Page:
Mounting evidence suggests that high circulating levels of insulin might be associated with increased colorectal cancer risk. The glycemic effects of diets high in refined starch may increase colorectal cancer risk by affecting insulin and/or insulin-like growth factor-I levels. We examined the association between dietary intake and colorectal cancer risk in a cohort of 49 124 women participating in a randomized, controlled trial of screening for breast cancer in Canada. Linkages to Canadian mortality and cancer databases yielded data on mortality and cancer incidence up to December 31, 2000. During an average 16.5 years of follow-up, we observed 616 incident cases of colorectal cancer (436 colon cancers, 180 rectal cancers). Rate ratios for colorectal cancer for the highest versus the lowest quintile level were 1.05 (95% confidence interval [CI] = 0.73 to 1.53; Ptrend = .94) for glycemic load, 1.01 (95% CI = 0.68 to 1.51; Ptrend = .66) for total carbohydrates, and 1.03 (95% CI = 0.73 to 1.44; Ptrend = .71) for total sugar. Our data do not support the hypothesis that diets high in glycemic load, carbohydrates, or sugar increase colorectal cancer risk.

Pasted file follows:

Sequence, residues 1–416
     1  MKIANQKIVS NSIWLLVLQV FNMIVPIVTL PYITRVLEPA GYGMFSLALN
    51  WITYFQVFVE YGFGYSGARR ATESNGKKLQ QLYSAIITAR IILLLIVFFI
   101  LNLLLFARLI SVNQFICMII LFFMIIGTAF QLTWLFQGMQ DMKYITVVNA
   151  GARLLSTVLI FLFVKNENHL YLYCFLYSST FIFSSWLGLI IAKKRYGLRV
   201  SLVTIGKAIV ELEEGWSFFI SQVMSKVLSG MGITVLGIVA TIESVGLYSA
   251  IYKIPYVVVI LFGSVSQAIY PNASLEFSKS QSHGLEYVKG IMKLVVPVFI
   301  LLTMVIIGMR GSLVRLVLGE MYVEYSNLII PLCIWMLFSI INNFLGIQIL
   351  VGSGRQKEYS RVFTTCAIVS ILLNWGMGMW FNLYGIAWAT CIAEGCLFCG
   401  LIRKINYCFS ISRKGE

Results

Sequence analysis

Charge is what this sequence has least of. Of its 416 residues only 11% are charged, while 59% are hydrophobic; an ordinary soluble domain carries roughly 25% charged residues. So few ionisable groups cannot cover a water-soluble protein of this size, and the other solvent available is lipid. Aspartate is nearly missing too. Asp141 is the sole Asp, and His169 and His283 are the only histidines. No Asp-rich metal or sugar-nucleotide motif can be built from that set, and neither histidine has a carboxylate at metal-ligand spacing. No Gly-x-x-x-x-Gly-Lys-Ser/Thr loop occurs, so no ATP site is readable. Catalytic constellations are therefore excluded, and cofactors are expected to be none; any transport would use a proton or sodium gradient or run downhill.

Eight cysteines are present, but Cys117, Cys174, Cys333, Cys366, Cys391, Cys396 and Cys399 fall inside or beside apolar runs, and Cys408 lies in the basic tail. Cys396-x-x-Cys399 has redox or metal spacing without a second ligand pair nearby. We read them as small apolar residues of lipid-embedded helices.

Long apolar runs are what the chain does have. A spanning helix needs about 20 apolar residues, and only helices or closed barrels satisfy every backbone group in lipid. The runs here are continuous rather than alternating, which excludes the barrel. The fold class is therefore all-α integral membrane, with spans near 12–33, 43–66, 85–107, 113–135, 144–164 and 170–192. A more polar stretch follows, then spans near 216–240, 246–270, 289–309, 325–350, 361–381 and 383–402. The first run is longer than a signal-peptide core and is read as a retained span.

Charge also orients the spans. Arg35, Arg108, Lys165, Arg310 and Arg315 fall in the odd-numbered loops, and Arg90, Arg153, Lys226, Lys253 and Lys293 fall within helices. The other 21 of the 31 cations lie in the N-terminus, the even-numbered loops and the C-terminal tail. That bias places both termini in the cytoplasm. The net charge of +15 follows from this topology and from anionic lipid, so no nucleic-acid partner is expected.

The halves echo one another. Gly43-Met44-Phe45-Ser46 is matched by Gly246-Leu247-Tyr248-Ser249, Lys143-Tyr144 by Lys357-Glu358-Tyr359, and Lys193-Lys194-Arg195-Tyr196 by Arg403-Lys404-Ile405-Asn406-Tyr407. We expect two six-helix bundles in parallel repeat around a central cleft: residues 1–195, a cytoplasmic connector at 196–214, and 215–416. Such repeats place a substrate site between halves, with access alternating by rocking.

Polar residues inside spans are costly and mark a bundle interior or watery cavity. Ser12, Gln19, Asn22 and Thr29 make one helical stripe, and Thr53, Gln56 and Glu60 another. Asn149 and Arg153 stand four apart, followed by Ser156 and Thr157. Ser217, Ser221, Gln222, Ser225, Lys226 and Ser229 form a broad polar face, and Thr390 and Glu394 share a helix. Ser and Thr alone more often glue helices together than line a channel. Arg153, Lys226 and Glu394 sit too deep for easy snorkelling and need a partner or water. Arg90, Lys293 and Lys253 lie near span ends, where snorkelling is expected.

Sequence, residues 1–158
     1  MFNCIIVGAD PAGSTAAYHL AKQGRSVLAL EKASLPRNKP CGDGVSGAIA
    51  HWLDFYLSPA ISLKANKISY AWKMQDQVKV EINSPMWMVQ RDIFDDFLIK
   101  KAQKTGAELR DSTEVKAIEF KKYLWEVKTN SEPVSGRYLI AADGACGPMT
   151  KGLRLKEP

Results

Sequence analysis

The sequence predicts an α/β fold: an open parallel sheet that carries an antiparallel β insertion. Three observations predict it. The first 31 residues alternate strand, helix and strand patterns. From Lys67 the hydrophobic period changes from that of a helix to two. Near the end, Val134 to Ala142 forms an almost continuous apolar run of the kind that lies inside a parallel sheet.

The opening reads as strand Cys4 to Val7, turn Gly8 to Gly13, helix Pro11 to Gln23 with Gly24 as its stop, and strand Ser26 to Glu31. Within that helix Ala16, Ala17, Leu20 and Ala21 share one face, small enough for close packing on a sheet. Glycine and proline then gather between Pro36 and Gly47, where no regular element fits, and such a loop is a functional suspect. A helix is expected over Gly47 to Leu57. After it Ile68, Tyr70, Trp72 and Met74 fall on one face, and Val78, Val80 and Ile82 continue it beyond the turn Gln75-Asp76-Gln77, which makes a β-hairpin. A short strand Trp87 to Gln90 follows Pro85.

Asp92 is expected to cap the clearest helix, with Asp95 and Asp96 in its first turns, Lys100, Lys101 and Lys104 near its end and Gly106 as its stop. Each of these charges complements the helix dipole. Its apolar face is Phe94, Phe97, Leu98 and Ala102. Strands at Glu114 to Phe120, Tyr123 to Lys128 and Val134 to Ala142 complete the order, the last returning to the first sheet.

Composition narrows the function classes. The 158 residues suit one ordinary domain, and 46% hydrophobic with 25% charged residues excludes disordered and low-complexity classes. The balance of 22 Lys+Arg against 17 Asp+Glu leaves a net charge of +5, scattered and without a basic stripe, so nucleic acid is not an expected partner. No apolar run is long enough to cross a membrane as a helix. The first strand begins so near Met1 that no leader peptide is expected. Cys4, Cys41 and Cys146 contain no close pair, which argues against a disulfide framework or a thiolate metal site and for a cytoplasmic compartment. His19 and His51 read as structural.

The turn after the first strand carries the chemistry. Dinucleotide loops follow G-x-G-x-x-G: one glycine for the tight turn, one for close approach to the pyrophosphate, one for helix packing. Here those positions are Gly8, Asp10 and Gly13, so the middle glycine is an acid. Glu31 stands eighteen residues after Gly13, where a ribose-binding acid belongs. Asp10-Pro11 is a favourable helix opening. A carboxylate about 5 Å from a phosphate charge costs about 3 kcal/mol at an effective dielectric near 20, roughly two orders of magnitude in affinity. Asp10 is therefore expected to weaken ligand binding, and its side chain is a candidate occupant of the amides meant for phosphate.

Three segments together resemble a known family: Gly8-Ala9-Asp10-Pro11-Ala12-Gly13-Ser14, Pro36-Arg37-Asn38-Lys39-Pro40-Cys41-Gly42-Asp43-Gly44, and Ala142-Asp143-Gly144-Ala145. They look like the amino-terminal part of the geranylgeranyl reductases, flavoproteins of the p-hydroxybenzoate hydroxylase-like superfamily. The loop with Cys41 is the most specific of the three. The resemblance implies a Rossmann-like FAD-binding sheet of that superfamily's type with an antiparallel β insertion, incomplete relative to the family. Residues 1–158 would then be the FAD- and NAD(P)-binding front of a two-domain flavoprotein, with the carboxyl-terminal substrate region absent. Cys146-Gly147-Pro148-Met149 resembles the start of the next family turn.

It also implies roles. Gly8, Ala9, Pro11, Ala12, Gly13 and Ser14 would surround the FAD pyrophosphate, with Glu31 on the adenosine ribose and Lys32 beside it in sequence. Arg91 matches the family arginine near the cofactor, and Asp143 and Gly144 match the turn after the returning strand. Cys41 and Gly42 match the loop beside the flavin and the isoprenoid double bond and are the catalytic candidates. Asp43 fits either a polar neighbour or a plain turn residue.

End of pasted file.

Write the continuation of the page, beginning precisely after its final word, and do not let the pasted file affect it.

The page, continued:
ASJC Scopus subject areas
- Cancer Research